Friday, June 27, 2014

Córdoba, Spain

June 10-14, while the Madrid Temple was closed, we traveled through three of the most famous cities of southern Spain, the area known as Andalucía, or Andalusia as it's spelled in English.  The cities of Córdoba, Sevilla (or Seville), and Granada.  To make this palatable to those of you brave enough to follow our blog, I'm going to break this trip into 3 smaller pieces, or bites if you will.
First up: Córdoba.  During the middle ages when the Moors ruled most of Spain, especially Andalucía, Córdoba was the capital of an Islamic Caliphate, and the most powerful ruler of the Iberian peninsula. It was built on the ruins of an old Roman town so you get an idea how old the place is.  It has been estimated that in the 10th century Córdoba was the most populous city in the world and was also a center for education under its Islamic rulers. The Muslim rulers opened many libraries on top of the many medical schools and universities which existed at the time. Such universities contributed towards developments in mathematics and astronomy.  During these centuries Córdoba had become the intellectual center of Europe and was also noted for its predominantly Muslim society that was tolerant toward its Christian and Jewish minorities.  Today it is a moderately-sized modern city with a population of about 330,000.


Our traveling companions, Glenn and Karen Chapple, on the high speed train (200 mph) from Madrid to Córdoba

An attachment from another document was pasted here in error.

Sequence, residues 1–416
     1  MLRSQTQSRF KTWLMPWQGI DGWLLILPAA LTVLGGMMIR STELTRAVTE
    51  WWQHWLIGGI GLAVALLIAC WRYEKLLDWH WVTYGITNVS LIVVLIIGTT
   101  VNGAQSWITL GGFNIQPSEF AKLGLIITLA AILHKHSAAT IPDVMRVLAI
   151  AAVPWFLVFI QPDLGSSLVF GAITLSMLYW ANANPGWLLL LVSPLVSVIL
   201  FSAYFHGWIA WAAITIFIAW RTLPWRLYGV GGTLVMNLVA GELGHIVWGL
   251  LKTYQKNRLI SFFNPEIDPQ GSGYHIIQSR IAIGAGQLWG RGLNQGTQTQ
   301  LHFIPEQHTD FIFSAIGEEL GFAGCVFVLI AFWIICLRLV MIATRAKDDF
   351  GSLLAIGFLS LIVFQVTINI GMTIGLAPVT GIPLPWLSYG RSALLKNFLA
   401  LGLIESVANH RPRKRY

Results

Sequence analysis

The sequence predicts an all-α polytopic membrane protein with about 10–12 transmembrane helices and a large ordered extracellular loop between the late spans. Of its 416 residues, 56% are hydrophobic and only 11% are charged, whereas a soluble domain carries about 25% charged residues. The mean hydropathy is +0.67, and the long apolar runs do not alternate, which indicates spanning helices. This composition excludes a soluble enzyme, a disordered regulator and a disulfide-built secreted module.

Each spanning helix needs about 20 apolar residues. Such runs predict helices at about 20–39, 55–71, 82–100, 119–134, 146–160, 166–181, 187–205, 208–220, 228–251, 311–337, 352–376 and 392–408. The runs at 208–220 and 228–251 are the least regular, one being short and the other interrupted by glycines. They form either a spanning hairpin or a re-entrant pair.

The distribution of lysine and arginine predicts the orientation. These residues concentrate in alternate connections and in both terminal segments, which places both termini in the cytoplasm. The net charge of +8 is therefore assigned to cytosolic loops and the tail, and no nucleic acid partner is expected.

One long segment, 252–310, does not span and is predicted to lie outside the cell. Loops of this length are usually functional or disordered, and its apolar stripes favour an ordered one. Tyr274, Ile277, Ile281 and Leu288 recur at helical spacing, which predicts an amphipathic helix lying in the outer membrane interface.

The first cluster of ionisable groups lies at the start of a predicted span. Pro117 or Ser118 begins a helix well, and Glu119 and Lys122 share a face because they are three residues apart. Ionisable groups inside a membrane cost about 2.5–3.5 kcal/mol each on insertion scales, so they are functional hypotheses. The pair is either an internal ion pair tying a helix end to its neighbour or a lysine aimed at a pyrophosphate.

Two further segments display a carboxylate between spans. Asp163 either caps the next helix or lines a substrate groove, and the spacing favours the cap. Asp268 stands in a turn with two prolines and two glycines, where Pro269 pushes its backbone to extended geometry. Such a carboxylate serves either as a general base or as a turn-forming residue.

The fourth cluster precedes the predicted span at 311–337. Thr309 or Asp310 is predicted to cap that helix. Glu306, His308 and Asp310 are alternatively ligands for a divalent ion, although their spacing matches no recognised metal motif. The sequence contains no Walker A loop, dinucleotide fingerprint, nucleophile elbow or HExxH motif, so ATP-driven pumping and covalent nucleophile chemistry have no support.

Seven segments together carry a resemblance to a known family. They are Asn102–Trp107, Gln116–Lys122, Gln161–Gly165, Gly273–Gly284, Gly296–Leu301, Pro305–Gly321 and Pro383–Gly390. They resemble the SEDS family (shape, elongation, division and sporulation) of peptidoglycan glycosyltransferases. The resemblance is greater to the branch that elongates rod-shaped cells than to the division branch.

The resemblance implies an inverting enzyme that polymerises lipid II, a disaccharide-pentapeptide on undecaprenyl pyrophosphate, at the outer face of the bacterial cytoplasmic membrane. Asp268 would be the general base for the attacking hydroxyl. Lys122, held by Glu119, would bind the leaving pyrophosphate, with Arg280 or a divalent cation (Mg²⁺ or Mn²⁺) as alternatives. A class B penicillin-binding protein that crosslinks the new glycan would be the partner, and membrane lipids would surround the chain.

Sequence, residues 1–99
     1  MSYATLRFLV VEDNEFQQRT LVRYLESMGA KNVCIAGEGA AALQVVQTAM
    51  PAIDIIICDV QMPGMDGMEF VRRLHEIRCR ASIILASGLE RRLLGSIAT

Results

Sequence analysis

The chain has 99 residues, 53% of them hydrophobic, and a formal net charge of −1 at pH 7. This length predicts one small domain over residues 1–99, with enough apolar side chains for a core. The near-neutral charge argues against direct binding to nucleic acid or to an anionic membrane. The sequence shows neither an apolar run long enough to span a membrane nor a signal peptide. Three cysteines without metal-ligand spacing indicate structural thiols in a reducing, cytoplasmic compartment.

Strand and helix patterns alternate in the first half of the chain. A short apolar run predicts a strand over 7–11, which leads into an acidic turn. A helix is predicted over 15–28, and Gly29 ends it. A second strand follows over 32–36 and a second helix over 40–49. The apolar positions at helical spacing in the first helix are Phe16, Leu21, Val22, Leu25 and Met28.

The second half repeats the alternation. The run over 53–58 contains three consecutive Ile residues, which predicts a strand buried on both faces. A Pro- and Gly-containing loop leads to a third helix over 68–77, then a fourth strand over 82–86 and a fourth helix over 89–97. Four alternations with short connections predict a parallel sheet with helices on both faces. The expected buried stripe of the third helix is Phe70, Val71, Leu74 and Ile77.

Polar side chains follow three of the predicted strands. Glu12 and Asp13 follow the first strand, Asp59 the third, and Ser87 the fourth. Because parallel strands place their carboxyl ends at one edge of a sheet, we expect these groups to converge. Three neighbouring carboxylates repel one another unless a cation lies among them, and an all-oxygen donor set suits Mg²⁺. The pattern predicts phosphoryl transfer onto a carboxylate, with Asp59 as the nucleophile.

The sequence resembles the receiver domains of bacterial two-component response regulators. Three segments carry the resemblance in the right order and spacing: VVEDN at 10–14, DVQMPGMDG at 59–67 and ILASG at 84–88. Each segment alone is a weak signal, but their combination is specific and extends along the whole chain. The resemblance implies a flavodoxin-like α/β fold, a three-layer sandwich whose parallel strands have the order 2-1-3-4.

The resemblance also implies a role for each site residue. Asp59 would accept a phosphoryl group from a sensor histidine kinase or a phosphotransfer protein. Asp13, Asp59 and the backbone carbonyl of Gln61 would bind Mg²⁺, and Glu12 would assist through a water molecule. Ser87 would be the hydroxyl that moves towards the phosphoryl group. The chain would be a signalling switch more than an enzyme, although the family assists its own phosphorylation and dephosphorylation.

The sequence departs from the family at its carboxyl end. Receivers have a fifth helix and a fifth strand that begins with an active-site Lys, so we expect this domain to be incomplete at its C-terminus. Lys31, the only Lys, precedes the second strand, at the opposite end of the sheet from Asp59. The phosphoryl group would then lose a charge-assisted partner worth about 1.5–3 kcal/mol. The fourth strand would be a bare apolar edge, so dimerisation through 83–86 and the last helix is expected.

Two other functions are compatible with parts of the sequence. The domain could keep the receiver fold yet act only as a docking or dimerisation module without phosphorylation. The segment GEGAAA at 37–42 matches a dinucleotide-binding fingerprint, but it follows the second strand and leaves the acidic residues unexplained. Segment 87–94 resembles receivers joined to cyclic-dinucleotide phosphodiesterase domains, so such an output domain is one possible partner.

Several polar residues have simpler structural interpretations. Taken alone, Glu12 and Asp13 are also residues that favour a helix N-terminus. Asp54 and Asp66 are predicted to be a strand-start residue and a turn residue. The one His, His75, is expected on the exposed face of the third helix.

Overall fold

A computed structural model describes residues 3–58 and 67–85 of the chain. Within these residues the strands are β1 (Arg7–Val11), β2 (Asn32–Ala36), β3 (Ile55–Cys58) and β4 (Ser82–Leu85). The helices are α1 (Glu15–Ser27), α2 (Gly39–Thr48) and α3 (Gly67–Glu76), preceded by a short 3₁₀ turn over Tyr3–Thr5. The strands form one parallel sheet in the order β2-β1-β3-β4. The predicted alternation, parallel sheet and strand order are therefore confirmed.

The main door (in the corner behind the tree) to our hotel, then up 2 very narrow flights of steps to our room. It was an adventure just finding this place including a wild bus ride.

Our rooms overlooked this plaza (on the 2nd floor in the corner behind Vivienne).  It was fun, but not comfortable.

Making our way through the cobblestone streets to the cathedral/mosque.  Viv is playing chicken with the car

Main entrance into the cathedral/mosque courtyard, The Gate of Forgiveness

Inside the cathedral/mosque courtyard, or Plaza de los Oranjas (court of the oranges). It was here the Muslims would wash their feet and hands before entering the mosque to pray

Inside the mosque.  It is overwhelming.  Huge.  Awe inspiring.  This picture is only a part of it. Started in 784 A.D. completed in 987 A.D.

The Mihrab.  Here the Imam stood to read from the Koran, facing the door with its chamber of amplification. Great acoustic.
There is a large Roman Catholic Cathedral INSIDE of the mosque.

Overview of the mosque with the cathedral built in the middle, including the court of the oranges

Across the plaza from the mosque/cathedral is the Alcázar de los Reyes Cristianos, or Court of the Christian Kings

Inside the Alcázar going down to the baths and gardens

Baths of the Alcázar. Filled with the scent of exotic herbs.

Gardens of the Alcázar

Gardens of the Alcázar

Gardens of the Alcázar

Gardens of the Alcázar

Resting in the Gardens of the Alcázar.  It's a BIG garden

Statues of Isabella, Ferdinand and Columbus inside the Gardens of the Alcázar.  Columbus met with them here in their court while negotiating funding for his first voyage.

Gardens of the Alcázar

Waterwheel and mill in front of the ancient Roman bridge on the river Guadalquivir

On the Roman bridge crossing the river Guadalquivir

Vivienne and the Chapples walked to the other side where there was a fort, now a museum.  I gave out and stayed behind.

A delicious dinner at the La Siesta.

Walking the streets of the Jewish quarter, and hotel named to Seneca the great Roman senator, who was born in the city.

The shops.  Vivienne's favorite part of the trip.  She's had enough of cathedrals (not me though)

They really do manage in these ancient narrow streets, but it's not easy.  Everyone has to clear the road and he pulls in his mirrors, and goes very slow.  I never saw an accident, but it's a miracle.

The ancient Jewish sinagoga.  Unfortunately it was closed for renovation. Built in 1305

Córdoba was wonderful! Romantic! We recommend seeing it

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